WestWing From United States of America, joined Feb 2005, 2139 posts, RR: 7
Reply 3, posted (6 years 2 months 2 weeks 2 days 16 hours ago) and read 2758 times:
I'm sure there was a model pterodactyl with flapping wings which flew about 25 years ago. It was featured in an IMAX film at the National Air and Space Museum in Washington DC. In fact the original model used to hang just outside the IMAX theater at NASM, when the theatre was still the Langley theatre. The model crashed and "died" during a demo flight at Andrews AFB and the newspaper report called it a "Pterrible Ptragedy". So I do not think the hummingbird is the first.
The best time to plant a tree is 40 years ago. The second best time is today.
Prebennorholm From Denmark, joined Mar 2000, 6886 posts, RR: 54
Reply 4, posted (6 years 2 months 2 weeks 2 days 16 hours ago) and read 2691 times:
This one is not an ornithopter.
An ornithopter simulates the forward flight of a bird. The flapping and twisting of the wings produces nothing but forward thrust to overcome drag - substitutes the propeller on an ordinary aircraft. In all other ways an ornithopter flies as an ordinary airplane.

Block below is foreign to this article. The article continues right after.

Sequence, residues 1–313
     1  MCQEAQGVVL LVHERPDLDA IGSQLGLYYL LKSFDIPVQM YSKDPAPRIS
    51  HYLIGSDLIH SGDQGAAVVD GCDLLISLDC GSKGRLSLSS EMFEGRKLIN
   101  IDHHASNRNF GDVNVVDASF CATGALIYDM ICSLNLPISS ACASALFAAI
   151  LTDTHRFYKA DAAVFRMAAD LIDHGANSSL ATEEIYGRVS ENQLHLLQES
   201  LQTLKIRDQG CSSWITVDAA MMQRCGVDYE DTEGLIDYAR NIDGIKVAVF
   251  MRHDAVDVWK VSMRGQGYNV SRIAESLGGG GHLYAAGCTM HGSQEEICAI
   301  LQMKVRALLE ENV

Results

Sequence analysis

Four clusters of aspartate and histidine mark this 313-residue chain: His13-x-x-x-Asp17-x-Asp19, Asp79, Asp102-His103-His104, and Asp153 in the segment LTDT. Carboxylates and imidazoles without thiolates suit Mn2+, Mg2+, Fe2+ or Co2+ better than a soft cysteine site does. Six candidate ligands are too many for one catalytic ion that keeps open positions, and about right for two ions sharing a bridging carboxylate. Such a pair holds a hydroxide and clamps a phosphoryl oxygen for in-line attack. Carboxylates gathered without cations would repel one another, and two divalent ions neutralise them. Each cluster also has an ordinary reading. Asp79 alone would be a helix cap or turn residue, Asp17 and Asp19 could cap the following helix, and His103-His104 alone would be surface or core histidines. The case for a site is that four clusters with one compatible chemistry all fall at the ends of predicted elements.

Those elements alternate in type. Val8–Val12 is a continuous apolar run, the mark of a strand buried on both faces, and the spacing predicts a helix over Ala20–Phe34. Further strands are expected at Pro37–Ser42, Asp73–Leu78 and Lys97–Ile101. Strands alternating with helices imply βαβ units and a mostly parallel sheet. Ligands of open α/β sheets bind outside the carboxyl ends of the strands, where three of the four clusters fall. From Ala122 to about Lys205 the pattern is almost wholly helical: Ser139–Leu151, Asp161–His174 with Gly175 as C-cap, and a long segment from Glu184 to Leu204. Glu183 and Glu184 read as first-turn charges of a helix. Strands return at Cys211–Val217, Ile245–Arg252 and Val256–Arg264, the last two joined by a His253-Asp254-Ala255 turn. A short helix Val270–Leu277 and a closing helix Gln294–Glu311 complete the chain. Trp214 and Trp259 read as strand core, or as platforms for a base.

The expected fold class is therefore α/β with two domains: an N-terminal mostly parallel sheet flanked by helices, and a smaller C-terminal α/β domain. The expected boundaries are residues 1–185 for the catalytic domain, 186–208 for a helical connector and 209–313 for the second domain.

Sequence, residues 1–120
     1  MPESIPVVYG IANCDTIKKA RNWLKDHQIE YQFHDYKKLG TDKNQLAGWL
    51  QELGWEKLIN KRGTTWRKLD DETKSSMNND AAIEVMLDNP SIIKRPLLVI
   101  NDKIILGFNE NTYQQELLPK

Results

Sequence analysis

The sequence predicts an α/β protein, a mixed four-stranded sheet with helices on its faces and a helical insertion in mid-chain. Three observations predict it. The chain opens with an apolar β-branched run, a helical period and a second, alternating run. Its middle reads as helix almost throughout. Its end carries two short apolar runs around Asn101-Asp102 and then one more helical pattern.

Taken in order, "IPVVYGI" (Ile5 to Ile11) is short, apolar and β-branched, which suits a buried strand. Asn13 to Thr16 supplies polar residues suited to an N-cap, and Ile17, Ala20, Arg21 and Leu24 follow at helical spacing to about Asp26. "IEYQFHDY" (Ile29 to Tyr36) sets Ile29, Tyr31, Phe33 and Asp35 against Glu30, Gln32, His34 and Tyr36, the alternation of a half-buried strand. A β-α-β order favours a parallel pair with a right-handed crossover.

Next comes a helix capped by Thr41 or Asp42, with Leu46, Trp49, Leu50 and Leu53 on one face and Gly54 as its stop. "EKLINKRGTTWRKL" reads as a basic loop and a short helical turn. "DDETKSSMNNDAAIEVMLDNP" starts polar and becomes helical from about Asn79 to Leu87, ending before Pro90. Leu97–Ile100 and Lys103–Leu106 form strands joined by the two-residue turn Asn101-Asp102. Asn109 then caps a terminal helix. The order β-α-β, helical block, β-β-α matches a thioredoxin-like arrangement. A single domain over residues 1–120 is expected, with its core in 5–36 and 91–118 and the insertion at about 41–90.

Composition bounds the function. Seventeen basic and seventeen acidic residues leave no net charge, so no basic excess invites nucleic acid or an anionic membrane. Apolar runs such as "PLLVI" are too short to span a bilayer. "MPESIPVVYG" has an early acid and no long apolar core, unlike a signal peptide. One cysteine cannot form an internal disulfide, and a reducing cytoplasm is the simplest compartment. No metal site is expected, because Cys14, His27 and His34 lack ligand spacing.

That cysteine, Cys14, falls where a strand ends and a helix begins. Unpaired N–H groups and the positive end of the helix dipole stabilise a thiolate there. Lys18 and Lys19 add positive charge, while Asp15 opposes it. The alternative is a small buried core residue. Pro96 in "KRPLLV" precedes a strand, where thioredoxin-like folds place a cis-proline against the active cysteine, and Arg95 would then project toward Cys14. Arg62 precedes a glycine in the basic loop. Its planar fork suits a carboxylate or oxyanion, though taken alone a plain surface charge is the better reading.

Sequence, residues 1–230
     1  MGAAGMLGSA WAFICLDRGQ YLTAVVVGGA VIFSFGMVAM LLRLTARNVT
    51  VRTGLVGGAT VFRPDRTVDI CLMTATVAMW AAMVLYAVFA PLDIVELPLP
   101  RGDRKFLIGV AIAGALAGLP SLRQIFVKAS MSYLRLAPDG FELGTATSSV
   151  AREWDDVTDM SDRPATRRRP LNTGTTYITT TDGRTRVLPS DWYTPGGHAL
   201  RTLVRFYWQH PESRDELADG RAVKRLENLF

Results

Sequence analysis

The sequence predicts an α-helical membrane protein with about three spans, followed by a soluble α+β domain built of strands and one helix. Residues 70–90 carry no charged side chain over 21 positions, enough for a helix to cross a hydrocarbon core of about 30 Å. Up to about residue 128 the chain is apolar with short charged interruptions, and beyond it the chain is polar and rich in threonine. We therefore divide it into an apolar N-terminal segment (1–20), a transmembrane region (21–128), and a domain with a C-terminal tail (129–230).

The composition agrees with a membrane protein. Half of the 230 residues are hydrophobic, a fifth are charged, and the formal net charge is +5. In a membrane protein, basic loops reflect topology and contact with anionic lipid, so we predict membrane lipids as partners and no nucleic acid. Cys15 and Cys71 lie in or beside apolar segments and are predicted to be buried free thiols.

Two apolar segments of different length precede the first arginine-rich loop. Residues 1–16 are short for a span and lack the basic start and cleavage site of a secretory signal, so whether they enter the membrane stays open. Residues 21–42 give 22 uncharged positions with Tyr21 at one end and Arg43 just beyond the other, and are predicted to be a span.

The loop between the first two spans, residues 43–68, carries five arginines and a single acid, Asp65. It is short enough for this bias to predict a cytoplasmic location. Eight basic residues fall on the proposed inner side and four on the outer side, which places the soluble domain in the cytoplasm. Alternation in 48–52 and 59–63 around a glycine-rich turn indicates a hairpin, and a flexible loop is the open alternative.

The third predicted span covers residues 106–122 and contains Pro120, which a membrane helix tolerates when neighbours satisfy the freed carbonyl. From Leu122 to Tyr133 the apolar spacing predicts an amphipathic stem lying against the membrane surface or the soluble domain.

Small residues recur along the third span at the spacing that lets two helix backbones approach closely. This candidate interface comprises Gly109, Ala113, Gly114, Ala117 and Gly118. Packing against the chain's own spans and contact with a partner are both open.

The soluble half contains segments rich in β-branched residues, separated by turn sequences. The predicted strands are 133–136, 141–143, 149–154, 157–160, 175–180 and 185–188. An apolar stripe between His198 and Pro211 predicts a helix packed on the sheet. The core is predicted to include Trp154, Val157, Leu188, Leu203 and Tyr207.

This one is able to hover like a helicopter and does not rely on a tail to stabilize flight. It flies more like an insect - or as birds in hovering flight. Most mainly smaller birds can hover, at least for short periods of time, enough for vertical takeoff and landing. But an ornithopter cannot.
AeroVironment was founded by famous Dr. Paul MacCready. He became a World Champion with sailplanes some fifty years ago, and he continued to develope a lot of fine stuff for the glider community.
He designed the first human powered aircraft - the Gossamar Albatros - which crossed the British Channel with bicycle pedal power alone. He later produced a similar, man carrying plane with also crossed the the British Channel using electric power from solar cells alone.
He died two years ago at age 82.
Always keep your number of landings equal to your number of take-offs